Tag - disk seek

Indexing Big Data – NSF Workshop on Research Directions in the Principles of Parallel Computation

I attended the NSF Workshop on Research Directions in the Principles of Parallel Computation in Pittsburgh on 6/27/12. The workshop brought together researchers from academia and industry to explore visions for the future of parallel computing. I was one of 17 invited speakers. We were asked to address the question: “what are three big research […]

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OldSQL Tricks or NewSQL Treats

Why do B-trees need “Tricks” to work?
Marko Mäkelä recently posted a couple of “tips and tricks” you can use to improve InnoDB performance. Tips and tricks. A general purpose relational database like MySQL shouldn’t need “tips and tricks” to perform well, and I lay the blame on design choices that were made in […]

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On “Replace Into”, “Insert Ignore”, Triggers, and Row Based Replication

In posts on June 30 and July 6, I explained how implementing the commands “replace into” and “insert ignore” with TokuDB’s fractal trees data structures can be two orders of magnitude faster than implementing them with B-trees. Towards the end of each post, I hinted at that there are some caveats that complicate the […]

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On “Replace Into”, “Insert Ignore”, and Secondary Keys

In posts on June 30 and July 6, I explained how implementing the commands “replace into” and “insert ignore” with TokuDB’s fractal trees data structures can be two orders of magnitude faster than implementing them with B-trees. Towards the end of each post, I hinted at that there are some caveats that complicate the […]

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Why “insert … on duplicate key update” May Be Slow, by Incurring Disk Seeks

In my post on June 18th, I explained why the semantics of normal ad-hoc insertions with a primary key are expensive because they require disk seeks on large data sets. I previously explained why it would be better to use “replace into” or to use “insert ignore” over normal inserts. In this post, I […]

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Making “Insert Ignore” Fast, by Avoiding Disk Seeks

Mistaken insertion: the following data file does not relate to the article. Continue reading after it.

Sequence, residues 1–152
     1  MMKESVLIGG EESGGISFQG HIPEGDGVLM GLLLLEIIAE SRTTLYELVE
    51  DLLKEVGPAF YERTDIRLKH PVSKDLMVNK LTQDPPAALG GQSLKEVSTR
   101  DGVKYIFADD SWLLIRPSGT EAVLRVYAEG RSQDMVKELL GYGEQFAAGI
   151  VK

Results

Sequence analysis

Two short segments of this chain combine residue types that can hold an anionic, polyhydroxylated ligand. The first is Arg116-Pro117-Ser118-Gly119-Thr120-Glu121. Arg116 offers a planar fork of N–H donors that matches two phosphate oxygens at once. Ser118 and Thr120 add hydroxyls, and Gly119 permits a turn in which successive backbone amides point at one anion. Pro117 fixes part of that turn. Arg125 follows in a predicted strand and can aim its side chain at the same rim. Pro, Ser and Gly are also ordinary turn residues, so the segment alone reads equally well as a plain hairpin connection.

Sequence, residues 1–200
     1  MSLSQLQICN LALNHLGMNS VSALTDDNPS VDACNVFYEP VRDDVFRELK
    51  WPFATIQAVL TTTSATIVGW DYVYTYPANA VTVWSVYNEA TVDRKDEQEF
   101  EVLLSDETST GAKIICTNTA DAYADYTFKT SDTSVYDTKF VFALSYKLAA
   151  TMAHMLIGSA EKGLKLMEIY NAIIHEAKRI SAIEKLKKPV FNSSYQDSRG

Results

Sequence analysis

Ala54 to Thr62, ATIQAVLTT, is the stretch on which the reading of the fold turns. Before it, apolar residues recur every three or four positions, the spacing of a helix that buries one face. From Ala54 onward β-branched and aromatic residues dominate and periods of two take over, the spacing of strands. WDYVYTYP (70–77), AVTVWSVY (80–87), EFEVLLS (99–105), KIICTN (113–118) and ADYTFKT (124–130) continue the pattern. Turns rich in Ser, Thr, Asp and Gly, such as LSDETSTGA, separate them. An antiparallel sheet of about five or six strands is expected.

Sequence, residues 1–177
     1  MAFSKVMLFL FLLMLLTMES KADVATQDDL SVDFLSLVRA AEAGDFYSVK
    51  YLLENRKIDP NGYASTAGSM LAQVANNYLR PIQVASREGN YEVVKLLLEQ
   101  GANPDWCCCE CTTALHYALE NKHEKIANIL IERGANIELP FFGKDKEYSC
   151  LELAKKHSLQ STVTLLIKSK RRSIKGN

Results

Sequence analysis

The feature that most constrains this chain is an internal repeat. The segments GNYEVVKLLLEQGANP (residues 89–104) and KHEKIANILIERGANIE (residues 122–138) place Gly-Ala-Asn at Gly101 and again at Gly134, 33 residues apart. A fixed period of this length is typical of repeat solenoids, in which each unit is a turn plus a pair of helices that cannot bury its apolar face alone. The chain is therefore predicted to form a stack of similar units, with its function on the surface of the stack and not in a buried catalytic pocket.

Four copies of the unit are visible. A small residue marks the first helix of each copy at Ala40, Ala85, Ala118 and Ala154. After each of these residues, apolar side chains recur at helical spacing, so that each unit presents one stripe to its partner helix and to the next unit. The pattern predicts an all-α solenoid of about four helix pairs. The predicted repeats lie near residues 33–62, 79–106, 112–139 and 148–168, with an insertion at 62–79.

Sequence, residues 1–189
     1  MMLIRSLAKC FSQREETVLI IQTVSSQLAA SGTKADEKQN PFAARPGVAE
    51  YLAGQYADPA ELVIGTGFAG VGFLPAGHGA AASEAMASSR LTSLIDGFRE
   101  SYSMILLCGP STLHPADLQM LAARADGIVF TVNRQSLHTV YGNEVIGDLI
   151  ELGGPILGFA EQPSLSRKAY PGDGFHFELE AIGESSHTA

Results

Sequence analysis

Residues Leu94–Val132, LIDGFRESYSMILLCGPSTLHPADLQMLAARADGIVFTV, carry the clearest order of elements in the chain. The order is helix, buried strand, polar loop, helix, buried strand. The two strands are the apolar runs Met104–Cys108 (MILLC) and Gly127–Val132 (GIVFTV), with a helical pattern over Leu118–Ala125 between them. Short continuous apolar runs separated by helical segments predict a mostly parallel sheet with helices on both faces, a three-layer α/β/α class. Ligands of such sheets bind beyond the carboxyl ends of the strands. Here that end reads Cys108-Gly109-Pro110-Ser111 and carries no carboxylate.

In my post from three weeks ago, I explained why the semantics of normal ad-hoc insertions with a primary key are expensive because they require disk seeks on large data sets. Towards the end of the post, I claimed that it would be better to use “replace into” or “insert ignore” over normal inserts, […]

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Making “Replace Into” Fast, by Avoiding Disk Seeks

In this post two weeks ago, I explained why the semantics of normal ad-hoc insertions with a primary key are expensive because they require disk seeks on large data sets. Towards the end of the post, I claimed that it would be better to use “replace into” or “insert ignore” over normal inserts, because […]

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Making Updates Fast, by Avoiding Disk Seeks

The analysis that shows how to make deletions really fast by using clustering keys and TokuDB’s fractal tree based engine also applies to make updates really fast. (I left it out of the last post to keep the story simple). As a quick example, let’s look at the following statement:

Shell

update foo set price=price+1 where […]

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Disk seeks are evil, so let’s avoid them, pt. 4

Continuing in the theme from previous posts, I’d like to examine another case where we can eliminate all disk seeks from a MySQL operation and therefore get two orders-of-magnitude speedup. The general outline of these posts is:

B-trees do insertion disk seeks. While they’re at it, they piggyback some other work on the […]

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Making Deletions Fast, by Avoiding Disk Seeks

In my last post, I discussed how fractal tree data structures can be up to two orders of magnitude faster on deletions over B-trees. I focused on the deletions where the row entry is known (the storage engine API handler::delete_row), but I did not fully analyze how MySQL delete statements can be fast. In […]

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